A regular Source feature, Undercurrents explores issues, ideas and events as they develop beneath the surface in the Virgin Islands community.
If ever a creature was misunderstood, it is the poor, little, universally maligned bat. Not satisfied to defame the winged mammal as disease-bearing, generations of humans have crafted slanderous tales of bats cavorting with witches and warlocks and preternatural vampires, luring innocent folk into caves so deep they stretch into the netherworld.
Assistant professor Renata Platenberg of the University of the Virgin Islands isn’t interested in dark legends. She’d rather solve the real bat mysteries – like just how do they communicate with one another and where do they go when their habitat is disturbed?
“The only mammals native to the Virgin Islands are bats,” Platenberg said. But despite their long history here, we know very little about them.
“It’s really hard to find where they live,” Platenberg said, although she and her team of volunteers and students have located numerous colonies over the years. One colony or “roost” on the Northside of St. Thomas has about 30 bats. But there’s no telling how many roosts there are. “We really, really do not have a big grasp of their numbers.”
Their lifespan? “We don’t even know that.”
Formerly with Fish and Wildlife at the Department of Planning and Natural Resources, Platenberg began seriously studying bats here several years ago. Since 2006, she has conducted public “Meet the Bats” tours in a favorite research site, Magens Bay.
“In 2008 we started doing the intensive monitoring” of bat colonies. Since 2011, “we’ve been tagging them.” The researchers use nets to capture the bats, which are then released once they have been tagged and their vital statistics noted and recorded. Platenberg said she’s handled and collected data on 1,000 bats.
There are five species of bats in the Virgin Islands, and Platenberg has found all of them at Magens Bay, though she theorizes that some may live nearby and fly into the bay area only to forage. Artibeus jamaicensis, Molossus molossus and Noctilio leporinus are found either widely or very widely throughout the Caribbean. Brachyphylla cavernarum is only in the Lesser Antilles. And the small Stenoderma rufum is found only in Puerto Rico and the Virgin Islands.
The Molossus molossus eats only insects, making it best friends with anyone who doesn’t like mosquitoes. Noctilio leporinus likes fish. And the others are primarily fruit-lovers, although they will also eat insects.
Besides handling pest control, bats provide a great source of plant pollination. Platenberg said they also are more efficient than birds in distributing seeds, making them really valuable for reforestation after a hurricane.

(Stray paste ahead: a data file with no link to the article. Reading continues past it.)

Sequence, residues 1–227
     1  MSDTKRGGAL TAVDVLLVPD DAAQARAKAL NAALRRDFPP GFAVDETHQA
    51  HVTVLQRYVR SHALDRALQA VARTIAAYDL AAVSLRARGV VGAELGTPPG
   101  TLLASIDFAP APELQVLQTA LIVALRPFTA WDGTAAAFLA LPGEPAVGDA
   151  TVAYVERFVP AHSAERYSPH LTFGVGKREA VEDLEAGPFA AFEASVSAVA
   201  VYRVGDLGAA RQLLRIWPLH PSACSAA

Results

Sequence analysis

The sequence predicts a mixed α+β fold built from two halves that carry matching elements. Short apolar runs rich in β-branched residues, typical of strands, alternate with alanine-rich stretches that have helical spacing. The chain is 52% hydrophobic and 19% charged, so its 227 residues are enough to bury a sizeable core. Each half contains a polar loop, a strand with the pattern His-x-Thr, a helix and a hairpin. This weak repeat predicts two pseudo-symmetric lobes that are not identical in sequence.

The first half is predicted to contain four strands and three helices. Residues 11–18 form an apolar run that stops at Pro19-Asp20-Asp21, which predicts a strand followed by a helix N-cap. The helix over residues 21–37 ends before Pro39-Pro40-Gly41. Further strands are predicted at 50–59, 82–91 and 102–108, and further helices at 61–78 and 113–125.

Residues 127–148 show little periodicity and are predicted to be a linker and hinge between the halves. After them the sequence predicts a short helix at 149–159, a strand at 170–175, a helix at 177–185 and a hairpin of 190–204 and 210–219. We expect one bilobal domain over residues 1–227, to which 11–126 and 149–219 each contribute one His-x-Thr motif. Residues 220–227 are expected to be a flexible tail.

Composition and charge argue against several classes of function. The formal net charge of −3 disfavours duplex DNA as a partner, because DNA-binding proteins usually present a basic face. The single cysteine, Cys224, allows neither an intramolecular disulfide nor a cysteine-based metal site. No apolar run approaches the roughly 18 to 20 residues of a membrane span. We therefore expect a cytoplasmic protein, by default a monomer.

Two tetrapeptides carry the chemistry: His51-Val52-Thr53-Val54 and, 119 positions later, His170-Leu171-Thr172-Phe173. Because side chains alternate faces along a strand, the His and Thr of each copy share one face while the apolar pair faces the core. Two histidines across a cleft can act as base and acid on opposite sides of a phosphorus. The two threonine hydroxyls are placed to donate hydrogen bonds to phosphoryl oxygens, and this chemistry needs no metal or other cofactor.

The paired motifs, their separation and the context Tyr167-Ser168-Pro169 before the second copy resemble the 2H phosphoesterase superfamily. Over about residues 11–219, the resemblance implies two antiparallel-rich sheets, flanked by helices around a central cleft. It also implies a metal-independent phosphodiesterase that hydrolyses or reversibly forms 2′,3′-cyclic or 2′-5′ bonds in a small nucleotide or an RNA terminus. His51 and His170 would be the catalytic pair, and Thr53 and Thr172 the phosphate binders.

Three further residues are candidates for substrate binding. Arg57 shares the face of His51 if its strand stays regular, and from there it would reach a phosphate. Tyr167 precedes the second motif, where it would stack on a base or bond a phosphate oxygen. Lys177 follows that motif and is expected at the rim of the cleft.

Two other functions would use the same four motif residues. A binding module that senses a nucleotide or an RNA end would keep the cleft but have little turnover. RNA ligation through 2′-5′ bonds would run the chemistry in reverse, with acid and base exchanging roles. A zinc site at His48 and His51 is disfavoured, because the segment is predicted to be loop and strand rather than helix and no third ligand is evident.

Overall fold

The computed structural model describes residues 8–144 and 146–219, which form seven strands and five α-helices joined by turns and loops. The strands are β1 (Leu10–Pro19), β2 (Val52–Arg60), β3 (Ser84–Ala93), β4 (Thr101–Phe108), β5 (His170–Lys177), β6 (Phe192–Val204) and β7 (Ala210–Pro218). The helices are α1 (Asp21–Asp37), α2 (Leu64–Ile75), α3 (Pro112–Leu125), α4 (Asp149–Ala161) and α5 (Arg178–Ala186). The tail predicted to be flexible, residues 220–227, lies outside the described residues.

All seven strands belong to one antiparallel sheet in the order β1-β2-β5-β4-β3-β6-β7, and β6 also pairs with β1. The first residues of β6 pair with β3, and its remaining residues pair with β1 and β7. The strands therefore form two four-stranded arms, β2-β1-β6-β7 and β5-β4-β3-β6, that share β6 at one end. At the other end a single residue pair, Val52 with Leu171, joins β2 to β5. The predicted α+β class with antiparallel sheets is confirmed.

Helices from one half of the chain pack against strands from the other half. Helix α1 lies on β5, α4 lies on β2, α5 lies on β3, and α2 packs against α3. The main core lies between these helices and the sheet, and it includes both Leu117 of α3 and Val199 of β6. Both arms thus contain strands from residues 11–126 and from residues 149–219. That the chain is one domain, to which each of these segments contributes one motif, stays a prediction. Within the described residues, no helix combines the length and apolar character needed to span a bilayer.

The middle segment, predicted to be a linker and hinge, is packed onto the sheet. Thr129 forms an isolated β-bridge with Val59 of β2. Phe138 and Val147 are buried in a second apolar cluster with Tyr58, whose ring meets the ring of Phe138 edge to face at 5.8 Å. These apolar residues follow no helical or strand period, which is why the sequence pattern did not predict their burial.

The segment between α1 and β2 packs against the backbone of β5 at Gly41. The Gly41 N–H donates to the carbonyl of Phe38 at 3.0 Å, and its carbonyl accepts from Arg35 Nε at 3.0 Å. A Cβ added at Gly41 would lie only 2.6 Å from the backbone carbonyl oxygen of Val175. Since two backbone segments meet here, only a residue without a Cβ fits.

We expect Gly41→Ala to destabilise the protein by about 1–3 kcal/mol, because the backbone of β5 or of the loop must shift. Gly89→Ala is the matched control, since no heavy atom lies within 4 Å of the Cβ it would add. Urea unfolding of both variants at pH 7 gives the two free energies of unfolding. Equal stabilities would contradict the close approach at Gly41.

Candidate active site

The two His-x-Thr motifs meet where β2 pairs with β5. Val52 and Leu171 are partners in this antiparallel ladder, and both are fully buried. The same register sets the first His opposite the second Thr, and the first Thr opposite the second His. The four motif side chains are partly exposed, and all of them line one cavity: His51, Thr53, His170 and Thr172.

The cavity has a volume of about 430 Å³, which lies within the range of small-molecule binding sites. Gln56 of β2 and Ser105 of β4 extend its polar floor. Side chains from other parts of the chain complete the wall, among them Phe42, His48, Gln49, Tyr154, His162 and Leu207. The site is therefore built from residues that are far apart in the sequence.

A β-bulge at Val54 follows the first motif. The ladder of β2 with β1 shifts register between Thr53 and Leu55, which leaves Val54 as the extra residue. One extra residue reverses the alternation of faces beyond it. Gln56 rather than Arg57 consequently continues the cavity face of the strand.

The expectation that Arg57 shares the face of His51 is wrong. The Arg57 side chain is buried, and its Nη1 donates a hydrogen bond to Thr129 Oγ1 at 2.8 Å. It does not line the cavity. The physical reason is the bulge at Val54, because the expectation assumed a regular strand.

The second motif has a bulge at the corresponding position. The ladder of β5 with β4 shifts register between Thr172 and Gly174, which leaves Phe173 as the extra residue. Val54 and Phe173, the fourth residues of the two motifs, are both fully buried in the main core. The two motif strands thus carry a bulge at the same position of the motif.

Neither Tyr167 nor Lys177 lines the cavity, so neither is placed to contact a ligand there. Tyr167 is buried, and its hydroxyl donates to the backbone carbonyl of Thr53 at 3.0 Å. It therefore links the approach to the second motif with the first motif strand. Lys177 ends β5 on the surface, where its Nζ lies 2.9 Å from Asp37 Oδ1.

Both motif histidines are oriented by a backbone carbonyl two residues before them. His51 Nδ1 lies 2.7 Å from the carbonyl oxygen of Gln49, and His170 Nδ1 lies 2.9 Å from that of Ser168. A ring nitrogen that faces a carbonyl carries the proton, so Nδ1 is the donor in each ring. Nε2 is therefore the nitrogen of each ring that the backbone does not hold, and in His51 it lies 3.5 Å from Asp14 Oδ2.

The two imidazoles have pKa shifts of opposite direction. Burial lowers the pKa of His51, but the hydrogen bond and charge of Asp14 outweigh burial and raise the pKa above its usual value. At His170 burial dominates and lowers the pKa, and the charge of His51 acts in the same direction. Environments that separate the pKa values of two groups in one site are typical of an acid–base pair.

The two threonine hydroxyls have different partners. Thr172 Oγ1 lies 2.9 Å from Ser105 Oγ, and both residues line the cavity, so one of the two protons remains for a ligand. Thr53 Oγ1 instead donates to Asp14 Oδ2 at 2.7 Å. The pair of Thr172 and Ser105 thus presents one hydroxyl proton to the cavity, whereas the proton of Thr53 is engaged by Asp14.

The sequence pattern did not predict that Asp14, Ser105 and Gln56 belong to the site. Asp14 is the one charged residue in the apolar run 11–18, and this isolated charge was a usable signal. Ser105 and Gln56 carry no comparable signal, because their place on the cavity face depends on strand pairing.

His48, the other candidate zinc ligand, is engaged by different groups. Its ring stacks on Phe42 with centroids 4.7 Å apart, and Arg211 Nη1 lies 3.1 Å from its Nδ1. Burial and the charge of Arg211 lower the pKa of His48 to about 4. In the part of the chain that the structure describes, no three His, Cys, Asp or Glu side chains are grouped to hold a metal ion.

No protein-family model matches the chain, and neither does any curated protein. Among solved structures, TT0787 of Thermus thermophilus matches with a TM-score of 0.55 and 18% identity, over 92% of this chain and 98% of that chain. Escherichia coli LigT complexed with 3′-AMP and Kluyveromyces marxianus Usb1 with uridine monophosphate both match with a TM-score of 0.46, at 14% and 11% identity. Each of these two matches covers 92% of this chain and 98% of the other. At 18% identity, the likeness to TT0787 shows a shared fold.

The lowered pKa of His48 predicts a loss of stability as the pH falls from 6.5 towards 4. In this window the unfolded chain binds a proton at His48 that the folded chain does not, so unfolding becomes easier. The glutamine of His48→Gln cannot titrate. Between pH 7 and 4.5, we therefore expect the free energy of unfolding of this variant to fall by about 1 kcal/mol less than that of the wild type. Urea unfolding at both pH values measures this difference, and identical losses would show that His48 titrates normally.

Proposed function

“We want to know how to keep them,” she said. That’s one reason to study them and why the research needs to be long term.
A few years ago, the government cleared out many of the trees in the Magens Bay arboretum, so it could return the area to the coconut grove it used to be. The bats didn’t like the change. “They’re not using that area anymore,” Platenberg said.
So we know that the bats will leave if their habitat is disturbed. But Platenberg has more questions: “How far do they go?” and “Do they come back?”
There has been little funding for Platenberg’s work. She relies on a core group of volunteers and “a couple of graduate students,” one of whom is studying the genetic makeup of Caribbean bats as part of research into their migration flyways.
“Four of us are regulars,” she said. “We all donate Friday nights.” They even supply their own gloves and flashlights.
The limited funding also means most of their research has been confined primarily to one island, St. Thomas.
Their efforts got a boost in September with a small grant from the Community Foundation of the Virgin Islands that allowed for the purchase of three song meters to record bat sounds. The sounds are recorded digitally, so they can be downloaded to a computer and viewed as well as played back as audio.
On Meet the Bats nights, people can listen in on bat echolocation calls, the sounds bats use to guide them in the dark. But the new monitors go beyond echolocation.
Bats have “a range of vocalizations,” Platenberg said. Researchers are just beginning to sift through and categorize them, but already it’s apparent that “they have love songs; they have territorial songs.”
In a precursor to the current study, a visiting biologist at UVI last spring recorded sounds emanating from one colony of bats and later played them near another roost. The bats reacted to the recording with a barrage of territorial songs, apparently meant to repel intruders.
The song study is being conducted more widely than some others, with recordings in various locations in the British Virgin Islands as well as the U.S. territory.
“We’re putting them near known roosts,” Platenberg said. One meter has already been used on Anegada and is due to return to St. Thomas with its data this week. “We’re building a library of calls,” she said.
The work will continue for at least several months. It may give the researchers a better idea of the number of bats on the islands as well as a better understanding of their habits and their importance in the ecosystem.
Platenberg does not romanticize bats. Yes, a tiny percentage of bats can carry rabies, and most recently they have been linked to Ebola. But transference to humans is extremely rare anywhere, and in the Virgin Islands, neither of those diseases is present, so bats here can’t and don’t carry them.
With danger nil and benefits abundant, Platenberg suggests we get to know our fellow creatures better.
“If we stop being so afraid of nature and allow it into our lives, it can do a lot for us,” she observed.